Anton lander

Edmonton’s Lander out ‘a minimum of four weeks’ with broken foot


Already thin down the middle, the Edmonton Oilers will now be without center Anton Lander for at least a month after an MRI confirmed the 21-year-old has a broken foot.

“He broke his foot,” said coach Ralph Krueger. “That’s a minimum of four weeks.”

Lander suffered the break early in Wednesday’s game against the Stars when he blocked a shot.

In addition to Lander, two other Edmonton centers are out with injuries — Shawn Horcoff has a broken knuckle and Eric Belanger has been sidelined with a broken toe.

And while Ryan Nugent-Hopkins is expected to play Saturday, he’s been dealing with a sore shoulder that caused him to skip the Dallas game.

In a related story, the Oilers have called up center Chris VandeVelde from AHL Oklahoma City.

Report: Kings, Richards nearing settlement

Mike Richards
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The Los Angeles Kings and Mike Richards may be nearing a settlement in their dispute over Richards’ terminated contract, TSN’s Bob McKenzie is reporting.

You can read the report for all the details, but we’re sure curious about this part:

If a settlement is reached, there’s no word yet on what salary cap penalties the Kings would still face. There’s bound to be something, but not likely as onerous as the full value of Richards’ contract, which carries with it a cap hit of $5.75 million. If there’s a settlement, Richards would undoubtedly become a free agent though there’s no telling at this point what monies he would be entitled to from the Kings in a settlement.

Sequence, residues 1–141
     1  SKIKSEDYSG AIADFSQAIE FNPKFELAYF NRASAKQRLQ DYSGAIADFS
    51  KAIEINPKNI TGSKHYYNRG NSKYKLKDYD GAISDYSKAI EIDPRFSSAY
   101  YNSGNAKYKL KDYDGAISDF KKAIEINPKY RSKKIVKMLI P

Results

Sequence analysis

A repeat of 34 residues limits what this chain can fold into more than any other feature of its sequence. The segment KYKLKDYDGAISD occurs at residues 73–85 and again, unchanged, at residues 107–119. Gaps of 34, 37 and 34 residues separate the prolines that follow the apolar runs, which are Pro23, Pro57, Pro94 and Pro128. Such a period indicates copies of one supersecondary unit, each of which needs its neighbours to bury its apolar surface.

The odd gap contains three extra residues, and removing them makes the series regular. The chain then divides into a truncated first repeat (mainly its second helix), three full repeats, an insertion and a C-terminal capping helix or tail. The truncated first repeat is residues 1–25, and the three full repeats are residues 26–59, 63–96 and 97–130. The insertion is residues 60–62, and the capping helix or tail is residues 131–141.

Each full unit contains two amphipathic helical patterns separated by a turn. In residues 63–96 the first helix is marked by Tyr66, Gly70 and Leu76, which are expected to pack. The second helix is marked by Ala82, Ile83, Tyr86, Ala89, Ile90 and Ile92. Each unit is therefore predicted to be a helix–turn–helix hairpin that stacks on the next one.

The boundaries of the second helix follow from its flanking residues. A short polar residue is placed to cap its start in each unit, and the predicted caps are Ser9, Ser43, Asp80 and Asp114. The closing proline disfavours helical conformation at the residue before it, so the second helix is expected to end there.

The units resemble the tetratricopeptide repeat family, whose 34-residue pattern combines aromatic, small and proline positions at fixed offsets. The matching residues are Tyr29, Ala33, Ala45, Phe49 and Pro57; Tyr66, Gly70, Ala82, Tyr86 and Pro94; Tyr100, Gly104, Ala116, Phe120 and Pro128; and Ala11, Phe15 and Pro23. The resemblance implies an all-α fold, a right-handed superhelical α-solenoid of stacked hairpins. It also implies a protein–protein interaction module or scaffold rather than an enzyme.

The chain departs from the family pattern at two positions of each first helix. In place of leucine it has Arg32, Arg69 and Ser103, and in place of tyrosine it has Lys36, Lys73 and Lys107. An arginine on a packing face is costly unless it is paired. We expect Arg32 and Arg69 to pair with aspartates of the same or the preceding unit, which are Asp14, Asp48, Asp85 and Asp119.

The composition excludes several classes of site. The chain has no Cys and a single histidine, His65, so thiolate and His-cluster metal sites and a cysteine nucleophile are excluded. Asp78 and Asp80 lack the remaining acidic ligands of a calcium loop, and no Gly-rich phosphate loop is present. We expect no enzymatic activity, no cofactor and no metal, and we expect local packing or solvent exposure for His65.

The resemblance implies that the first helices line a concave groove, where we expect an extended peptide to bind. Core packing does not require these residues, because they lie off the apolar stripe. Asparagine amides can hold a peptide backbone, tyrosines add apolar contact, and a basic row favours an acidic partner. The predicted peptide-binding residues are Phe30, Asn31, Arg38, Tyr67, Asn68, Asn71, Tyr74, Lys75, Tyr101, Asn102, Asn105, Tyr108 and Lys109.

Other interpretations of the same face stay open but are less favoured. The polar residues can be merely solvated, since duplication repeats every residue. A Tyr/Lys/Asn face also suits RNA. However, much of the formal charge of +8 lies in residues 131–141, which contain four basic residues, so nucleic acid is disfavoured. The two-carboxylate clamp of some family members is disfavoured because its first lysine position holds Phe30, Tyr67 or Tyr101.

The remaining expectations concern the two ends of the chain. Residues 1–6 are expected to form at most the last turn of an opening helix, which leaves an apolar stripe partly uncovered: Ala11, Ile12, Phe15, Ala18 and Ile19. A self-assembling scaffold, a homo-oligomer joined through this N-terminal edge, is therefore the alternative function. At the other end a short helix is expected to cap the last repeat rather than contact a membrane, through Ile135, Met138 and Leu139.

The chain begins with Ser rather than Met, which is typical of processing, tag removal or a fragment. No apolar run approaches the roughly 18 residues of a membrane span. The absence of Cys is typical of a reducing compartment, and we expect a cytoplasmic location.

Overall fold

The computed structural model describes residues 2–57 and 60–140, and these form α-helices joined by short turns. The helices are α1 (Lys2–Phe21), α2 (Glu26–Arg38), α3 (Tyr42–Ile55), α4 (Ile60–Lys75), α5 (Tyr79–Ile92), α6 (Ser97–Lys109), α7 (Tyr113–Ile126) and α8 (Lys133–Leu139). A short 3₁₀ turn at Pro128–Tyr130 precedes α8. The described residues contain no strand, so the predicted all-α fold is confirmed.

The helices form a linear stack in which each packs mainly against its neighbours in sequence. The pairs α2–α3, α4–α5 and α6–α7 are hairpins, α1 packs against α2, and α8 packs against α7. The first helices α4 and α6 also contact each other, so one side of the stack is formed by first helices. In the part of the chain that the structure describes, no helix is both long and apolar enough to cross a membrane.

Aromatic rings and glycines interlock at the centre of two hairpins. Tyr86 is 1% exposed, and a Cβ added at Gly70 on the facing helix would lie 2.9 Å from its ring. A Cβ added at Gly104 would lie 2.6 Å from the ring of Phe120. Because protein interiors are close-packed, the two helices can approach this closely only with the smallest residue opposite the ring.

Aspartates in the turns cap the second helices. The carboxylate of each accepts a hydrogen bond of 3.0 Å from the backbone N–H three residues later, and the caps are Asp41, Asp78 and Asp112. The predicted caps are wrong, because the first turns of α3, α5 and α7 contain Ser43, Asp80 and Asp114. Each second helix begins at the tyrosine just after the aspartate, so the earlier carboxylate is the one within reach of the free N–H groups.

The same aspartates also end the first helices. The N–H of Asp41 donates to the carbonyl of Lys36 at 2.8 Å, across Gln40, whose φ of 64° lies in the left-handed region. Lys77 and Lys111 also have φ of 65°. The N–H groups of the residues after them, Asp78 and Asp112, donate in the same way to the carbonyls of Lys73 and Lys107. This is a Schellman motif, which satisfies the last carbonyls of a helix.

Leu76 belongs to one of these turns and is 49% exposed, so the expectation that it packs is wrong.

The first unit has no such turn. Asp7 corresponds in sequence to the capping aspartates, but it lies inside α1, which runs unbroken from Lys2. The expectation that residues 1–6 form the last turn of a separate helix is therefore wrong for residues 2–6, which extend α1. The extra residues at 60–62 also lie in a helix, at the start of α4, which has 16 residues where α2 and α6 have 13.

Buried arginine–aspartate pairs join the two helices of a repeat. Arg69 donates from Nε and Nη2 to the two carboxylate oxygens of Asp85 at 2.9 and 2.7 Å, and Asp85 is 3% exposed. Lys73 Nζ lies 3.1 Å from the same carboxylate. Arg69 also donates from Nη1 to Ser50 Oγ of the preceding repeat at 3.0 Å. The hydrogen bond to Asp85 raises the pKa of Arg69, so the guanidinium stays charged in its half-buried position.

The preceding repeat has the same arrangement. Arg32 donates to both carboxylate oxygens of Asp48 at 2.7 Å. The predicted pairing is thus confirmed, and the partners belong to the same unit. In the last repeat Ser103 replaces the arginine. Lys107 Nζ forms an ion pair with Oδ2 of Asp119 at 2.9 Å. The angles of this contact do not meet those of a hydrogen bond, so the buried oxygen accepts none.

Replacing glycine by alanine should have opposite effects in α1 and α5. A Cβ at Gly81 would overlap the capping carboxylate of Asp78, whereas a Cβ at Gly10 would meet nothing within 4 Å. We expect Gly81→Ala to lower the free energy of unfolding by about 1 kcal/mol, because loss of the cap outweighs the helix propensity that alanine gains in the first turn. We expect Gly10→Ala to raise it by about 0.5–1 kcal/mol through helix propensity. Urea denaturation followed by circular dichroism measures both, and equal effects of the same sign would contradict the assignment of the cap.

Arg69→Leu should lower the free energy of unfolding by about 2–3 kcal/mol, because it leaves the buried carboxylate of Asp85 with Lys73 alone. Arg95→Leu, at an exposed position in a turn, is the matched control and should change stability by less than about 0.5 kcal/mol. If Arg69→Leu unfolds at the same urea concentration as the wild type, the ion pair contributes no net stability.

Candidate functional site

The issue here is precedent, and what this case could set. The NHL and NHLPA can’t allow teams to escape onerous contracts through a back door, and many are adamant that that’s what the Kings were attempting to do in Richards’ case.

Bettman to players: Don’t screw up ‘once-in-a-lifetime opportunity’ with drugs

Gary Bettman
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The NHL wants to take an educational approach — not a punitive one — to deter its players from using illicit drugs like cocaine.

“My interest is not to go around punishing people,” Bettman told Sportsnet today.

“My interest is getting players to understand the consequences of doing something that could jeopardize this great, once-in-a-lifetime opportunity that they’ve been given, to play in the NHL.”

While some players have expressed surprise at hearing that cocaine use is growing, the anecdotal evidence of substance abuse has been very much in the news, from Jarret Stoll‘s arrest to Mike Richards’ arrest to, more recently, Zack Kassian‘s placement in the NHL/NHLPA’s treatment program.

“We don’t have the unilateral right to do things here. We need the consent of the Players’ Association,” Bettman said. “It’s not about punishment. It’s about making sure we get it to stop.”

Related: Cocaine in the NHL: A concern, but not a crisis?